public transportation

Jeepney drivers fight Marcos’ ‘unjust’ modernization push as deadline nears

Ralf Rivas

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Jeepney drivers fight Marcos’ ‘unjust’ modernization push as deadline nears

Jeepneys ply along Commonwealth Avenue in Quezon City on December 12, 2023.

Jire Carreon/Rappler

'Wala po tayong problema sa jeepney modernization, pero dapat suportahan ng gubyerno ang mga driver,' says PISTON national president Mody Floranda

MANILA, Philippines– Jeepney drivers kicked off their two-day strike on Thursday, December 14, as President Ferdinand Marcos Jr. set a hard deadline for public utility vehicle (PUV) operators to modernize their fleet.

The Pagkakaisa ng mga Samahan ng Tsuper at Opereytor Nationwide (PISTON) insisted that they do not oppose giving the iconic jeepney its much needed upgrades, especially as old models have hazardous emissions, but the program will be too costly for drivers and operators.

Wala po tayong problema sa jeepney modernization, pero dapat suportahan ng gubyerno ang mga driver (We have no problem with jeepney modernization, but government needs to support the drivers),” PISTON national president Mody Floranda said in a rally in Quezon City.

Various groups have called the scheme “anti-poor” and “unjust.”

Modern jeepneys cost between P1.3 million to P3 million. Cooperatives take out a loan to pay for these units, and some of them reported that they are struggling to repay these loans.

The government is offering to subsidize the cost of each modern jeepney: previously P160,000, but it can go up to P360,000.

Still, P360,000 is just 28% of the cost of a modern jeepney costing P1.3 million. The P360,000-subsidy per modern jeepney will require a total subsidy of P64.2 billion.

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Floranda appealed to commuters for understanding, as the strike caused a shortage of active PUVs.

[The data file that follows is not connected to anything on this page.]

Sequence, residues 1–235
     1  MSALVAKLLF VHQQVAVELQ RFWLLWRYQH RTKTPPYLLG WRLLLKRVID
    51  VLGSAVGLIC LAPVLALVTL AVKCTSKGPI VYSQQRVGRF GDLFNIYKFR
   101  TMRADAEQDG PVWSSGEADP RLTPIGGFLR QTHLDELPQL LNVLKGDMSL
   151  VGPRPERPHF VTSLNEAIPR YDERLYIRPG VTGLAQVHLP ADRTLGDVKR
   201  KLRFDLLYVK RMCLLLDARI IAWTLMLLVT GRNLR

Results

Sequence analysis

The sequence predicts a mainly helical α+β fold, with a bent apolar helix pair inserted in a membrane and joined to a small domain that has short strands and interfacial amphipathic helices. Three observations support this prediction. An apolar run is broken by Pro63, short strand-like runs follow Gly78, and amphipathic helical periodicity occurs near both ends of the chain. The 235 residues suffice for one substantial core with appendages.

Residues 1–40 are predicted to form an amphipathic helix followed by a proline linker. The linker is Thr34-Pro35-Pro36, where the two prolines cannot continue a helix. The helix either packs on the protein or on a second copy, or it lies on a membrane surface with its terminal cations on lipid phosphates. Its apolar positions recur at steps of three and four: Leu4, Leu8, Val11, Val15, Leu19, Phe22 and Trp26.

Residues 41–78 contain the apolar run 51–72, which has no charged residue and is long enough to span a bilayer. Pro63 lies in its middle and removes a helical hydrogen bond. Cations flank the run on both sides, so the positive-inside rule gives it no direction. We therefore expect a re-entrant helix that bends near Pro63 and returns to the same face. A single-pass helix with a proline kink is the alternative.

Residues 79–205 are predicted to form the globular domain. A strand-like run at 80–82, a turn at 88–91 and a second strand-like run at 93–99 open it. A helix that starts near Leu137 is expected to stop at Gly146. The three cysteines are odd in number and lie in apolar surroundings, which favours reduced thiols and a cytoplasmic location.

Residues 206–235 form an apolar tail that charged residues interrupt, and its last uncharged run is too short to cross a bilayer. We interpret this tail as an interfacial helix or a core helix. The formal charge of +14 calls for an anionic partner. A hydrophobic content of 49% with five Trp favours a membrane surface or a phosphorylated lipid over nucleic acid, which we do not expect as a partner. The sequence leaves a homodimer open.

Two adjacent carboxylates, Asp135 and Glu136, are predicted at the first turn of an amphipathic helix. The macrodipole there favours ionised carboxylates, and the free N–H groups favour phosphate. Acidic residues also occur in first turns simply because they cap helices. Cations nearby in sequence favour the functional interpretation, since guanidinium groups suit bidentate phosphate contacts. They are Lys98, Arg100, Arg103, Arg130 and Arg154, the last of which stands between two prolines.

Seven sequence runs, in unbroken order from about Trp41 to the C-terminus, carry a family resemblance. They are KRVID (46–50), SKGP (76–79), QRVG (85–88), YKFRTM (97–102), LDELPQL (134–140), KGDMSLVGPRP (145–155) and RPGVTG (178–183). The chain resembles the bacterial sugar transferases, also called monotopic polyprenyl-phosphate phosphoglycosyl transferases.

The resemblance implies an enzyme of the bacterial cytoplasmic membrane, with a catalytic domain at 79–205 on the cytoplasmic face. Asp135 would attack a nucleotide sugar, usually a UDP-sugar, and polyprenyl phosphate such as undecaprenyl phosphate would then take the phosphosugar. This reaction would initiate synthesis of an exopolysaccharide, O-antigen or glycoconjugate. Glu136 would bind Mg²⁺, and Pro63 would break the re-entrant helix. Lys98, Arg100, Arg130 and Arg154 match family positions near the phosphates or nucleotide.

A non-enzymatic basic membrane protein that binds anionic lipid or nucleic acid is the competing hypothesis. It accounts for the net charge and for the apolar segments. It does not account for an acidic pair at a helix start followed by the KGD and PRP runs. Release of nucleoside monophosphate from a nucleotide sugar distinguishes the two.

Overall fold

The Land Transportation Franchising and Regulatory Board and Department of Transportation insisted that some 70% or 153,787 out of 222,617 of PUVs have complied with industry consolidation. There are 1,739 cooperatives that have been formed nationwide.

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PISTON and other jeepney groups, however, said the data is misleading, since the total figure counts buses, minibuses, and other UV units. Agencies have yet to provide Rappler a breakdown per vehicle type.

PISTON said only 26% of jeepneys have consolidated, affecting some 60,000 drivers and 25,000 operators.

According to data from the Department of Energy, there are over 9 million registered vehicles in the Philippines. Of the total, jeepneys comprise only over 250,000 or just 2%. Of the total jeepneys, around a quarter operate in Metro Manila.

The Center for Energy, Ecology and Development (CEED) argued that air pollution reduction efforts “would be negligible if modernization efforts focused on jeepneys compared to private vehicles.”

“Not to mention, private car owners would also be more likely financially capable of modernizing their vehicles,” CEED said. – with reports from Lance Spencer Yu/Rappler.com

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Ralf Rivas

A sociologist by heart, a journalist by profession. Ralf is Rappler's business reporter, covering macroeconomy, government finance, companies, and agriculture.